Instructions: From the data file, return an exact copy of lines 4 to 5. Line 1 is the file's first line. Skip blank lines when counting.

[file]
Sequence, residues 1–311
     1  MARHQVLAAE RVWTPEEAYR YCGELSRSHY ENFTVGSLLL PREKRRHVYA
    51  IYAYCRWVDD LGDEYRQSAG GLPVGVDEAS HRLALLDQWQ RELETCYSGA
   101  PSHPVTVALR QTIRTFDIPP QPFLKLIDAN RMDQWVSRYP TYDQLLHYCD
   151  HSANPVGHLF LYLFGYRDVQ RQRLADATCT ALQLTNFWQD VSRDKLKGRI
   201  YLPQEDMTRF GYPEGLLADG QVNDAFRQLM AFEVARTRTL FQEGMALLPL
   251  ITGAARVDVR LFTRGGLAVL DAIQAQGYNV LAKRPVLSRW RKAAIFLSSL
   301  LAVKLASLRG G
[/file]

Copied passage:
   101  PSHPVTVALR QTIRTFDIPP QPFLKLIDAN RMDQWVSRYP TYDQLLHYCD
   151  HSANPVGHLF LYLFGYRDVQ RQRLADATCT ALQLTNFWQD VSRDKLKGRI